A rigid, lighter-than-air dirigible used by the Navy to extend the scouting
range of its fleet, the Macon weighed over 200 tons and had an aluminum alloy
skeleton underneath its canvas skin. It was kept aloft by 12 helium-filled gas
cells, which, though not flammable and therefore safer than hydrogen, were also
more costly and less efficient.
The Macon was also the last of its kind when it crashed off California’s Big Sur
coast in February 1935. Severe weather caused a massive structural failure in
the Macon’s tail section, shearing off its dorsal fin and puncturing two of its
helium gas cells. Two members of its crew of 83 died in the crash.
The Macon struggled for almost an hour before it hit the ocean and sank in
approximately 1,500 feet of water. It lay on the bottom undisturbed and
undiscovered for nearly 60 years.
Several high-tech searches were launched during the 1980’s to find the Macon,
but it wasn’t until June 1990 that it was located, by Chris Grech, deputy
director of marine operations for the Monterey Bay Aquarium Research Institute,
working with the Navy.
Earlier this month, Mr. Grech, co-principal investigator for the expedition, and
a group of scientists including two biologists, a maritime historian, a marine
archaeologist and the director of the Aerospace Robotics Lab at Stanford
University, returned to the Macon’s wreck site as part of a five-day research
The aquarium institute, the National Oceanic and Atmospheric Administration and
Stanford were among the institutions working together on the project. One goal
was to survey the Macon’s debris fields using new, high-definition cameras and
to assemble a photo mosaic of the site. Another was to inventory and categorize
the wreck’s deterioration and to gather the documentation necessary to have the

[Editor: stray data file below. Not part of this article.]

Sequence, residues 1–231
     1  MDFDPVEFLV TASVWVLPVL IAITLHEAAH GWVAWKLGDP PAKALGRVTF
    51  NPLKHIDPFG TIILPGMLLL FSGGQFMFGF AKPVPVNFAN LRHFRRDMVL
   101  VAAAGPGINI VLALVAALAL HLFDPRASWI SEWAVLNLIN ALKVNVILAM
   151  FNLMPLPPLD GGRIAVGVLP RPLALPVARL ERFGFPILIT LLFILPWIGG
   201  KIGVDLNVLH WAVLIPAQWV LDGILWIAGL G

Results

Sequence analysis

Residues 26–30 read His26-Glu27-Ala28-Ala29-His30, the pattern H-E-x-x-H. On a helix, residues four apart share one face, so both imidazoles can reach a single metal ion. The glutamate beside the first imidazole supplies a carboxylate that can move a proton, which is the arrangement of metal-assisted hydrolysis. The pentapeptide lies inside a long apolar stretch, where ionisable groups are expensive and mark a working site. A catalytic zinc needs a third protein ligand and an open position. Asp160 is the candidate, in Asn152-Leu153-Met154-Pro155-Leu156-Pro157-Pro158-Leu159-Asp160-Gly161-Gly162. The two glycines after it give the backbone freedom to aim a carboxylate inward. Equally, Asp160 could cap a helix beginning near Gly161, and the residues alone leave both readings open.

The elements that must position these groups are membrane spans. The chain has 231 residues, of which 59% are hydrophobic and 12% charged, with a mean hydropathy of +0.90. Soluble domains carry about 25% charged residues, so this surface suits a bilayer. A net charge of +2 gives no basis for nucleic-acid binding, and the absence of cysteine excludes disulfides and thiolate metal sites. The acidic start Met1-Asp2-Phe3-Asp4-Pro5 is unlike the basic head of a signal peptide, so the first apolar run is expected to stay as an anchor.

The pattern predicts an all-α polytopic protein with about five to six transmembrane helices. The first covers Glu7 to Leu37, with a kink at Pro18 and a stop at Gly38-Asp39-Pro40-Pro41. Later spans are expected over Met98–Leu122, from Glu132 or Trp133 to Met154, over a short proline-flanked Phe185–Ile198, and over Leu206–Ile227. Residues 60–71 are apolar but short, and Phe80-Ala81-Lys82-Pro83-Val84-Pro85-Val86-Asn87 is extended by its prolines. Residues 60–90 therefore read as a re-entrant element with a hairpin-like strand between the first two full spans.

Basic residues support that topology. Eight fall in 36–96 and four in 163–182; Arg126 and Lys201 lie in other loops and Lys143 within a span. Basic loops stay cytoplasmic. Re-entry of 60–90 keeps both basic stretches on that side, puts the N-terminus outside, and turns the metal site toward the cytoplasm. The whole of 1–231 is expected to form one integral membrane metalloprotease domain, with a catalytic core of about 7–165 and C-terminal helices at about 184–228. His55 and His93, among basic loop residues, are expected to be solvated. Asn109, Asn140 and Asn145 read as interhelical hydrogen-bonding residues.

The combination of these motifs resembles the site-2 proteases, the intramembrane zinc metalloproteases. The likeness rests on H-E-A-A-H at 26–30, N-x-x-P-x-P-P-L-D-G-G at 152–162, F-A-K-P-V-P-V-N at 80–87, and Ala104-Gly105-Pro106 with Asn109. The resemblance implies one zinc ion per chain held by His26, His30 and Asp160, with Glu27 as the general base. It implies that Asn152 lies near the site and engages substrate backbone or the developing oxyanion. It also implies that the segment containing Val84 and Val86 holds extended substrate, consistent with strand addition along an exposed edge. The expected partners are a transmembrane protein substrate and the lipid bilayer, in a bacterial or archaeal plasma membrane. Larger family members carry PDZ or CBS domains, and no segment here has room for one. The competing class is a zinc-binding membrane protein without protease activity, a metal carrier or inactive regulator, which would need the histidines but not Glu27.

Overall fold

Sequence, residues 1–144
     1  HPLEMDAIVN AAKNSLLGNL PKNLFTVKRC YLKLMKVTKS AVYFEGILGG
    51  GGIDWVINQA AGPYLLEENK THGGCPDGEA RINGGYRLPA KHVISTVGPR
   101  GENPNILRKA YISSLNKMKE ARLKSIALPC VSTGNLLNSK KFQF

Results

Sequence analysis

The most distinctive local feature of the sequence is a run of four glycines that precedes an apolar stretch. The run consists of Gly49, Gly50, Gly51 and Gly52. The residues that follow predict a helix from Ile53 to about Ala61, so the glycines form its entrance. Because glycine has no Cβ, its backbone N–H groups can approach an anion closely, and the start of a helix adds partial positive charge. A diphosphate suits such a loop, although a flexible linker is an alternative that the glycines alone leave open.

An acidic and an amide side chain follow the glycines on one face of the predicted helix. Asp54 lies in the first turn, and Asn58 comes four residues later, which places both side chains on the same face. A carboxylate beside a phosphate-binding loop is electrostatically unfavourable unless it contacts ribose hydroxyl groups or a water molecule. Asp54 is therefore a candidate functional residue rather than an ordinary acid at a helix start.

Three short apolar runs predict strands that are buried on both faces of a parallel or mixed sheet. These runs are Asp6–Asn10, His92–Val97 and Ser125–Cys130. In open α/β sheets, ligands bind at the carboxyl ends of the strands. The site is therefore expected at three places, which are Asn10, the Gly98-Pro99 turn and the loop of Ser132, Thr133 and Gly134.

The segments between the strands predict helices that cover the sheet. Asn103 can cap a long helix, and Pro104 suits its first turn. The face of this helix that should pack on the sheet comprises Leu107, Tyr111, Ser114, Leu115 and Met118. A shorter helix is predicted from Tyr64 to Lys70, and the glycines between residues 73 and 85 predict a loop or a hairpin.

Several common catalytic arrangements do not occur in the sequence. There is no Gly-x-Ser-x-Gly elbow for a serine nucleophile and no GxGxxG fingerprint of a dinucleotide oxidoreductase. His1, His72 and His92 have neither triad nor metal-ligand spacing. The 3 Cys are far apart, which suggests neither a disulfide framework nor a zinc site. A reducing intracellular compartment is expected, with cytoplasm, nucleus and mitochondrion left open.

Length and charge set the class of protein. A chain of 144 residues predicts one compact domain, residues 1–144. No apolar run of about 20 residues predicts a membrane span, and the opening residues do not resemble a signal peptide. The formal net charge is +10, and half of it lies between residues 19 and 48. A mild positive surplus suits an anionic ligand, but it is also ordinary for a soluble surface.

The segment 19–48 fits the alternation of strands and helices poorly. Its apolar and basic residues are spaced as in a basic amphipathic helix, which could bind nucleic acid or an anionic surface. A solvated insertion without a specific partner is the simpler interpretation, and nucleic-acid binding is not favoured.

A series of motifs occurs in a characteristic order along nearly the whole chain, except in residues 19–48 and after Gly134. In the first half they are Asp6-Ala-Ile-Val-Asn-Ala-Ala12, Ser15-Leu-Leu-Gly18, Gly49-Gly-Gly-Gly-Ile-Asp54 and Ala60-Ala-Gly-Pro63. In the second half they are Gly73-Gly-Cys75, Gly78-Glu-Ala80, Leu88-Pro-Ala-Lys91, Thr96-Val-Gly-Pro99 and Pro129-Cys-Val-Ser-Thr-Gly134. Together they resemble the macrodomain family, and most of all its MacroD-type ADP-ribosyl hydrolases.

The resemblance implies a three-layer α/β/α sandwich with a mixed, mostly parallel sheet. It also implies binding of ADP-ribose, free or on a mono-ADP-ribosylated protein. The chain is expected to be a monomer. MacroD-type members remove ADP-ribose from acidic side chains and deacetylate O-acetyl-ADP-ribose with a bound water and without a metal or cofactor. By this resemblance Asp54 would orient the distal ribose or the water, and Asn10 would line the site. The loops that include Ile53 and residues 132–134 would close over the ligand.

Macon entered into the National Register of Historic Places.
Finally, many expedition members were quietly hoping to discover the Macon’s
missing tail section, to better understand the factors behind the crash.
The expedition spent five days off the coast of Big Sur using a remotely
operated, deep-sea rover to accumulate 44 hours of surveillance of the wreck
The Macon broke up on the surface as it sank. As a result, the ocean bottom
looks like a giant erector set after a child’s tantrum. Perhaps the best
preserved artifacts are the Macon’s four Curtiss F9C-2 Sparrowhawk aircraft that
were housed in its belly. All four planes sit upright looking undisturbed on the
ocean floor, and two are almost nose to nose.
“The planes don’t look damaged,” said Mr. Grech, in large part because each
biplane’s wings are intact and their bright yellow color and blue and white Navy
star are visible.
In addition to the planes, five of the Macon’s giant Maybach engines can be
clearly seen, as can part of its galley and stove, its officer quarters and an
aluminum chair. A metal cabinet, a table, and a set of drawers are also clearly
visible, as well as numerous fuel tanks, which were thrown overboard to lighten
the ship and imploded as they sank.
Nevertheless, Mr. Grech has noticed differences in the site since his last
“A lot of the wreck is covered up,” Mr. Grech said. “It’s easy for sediment to
build up over time, and some large objects have moved.”
Records show that the Macon crashed three miles from the Point Sur lighthouse,
but the exact location has been kept secret to protect the site, which lies
within a marine sanctuary, from relic collectors.
It is too deep for scuba diving, but the site can be easily reached by a
submersible or drag nets.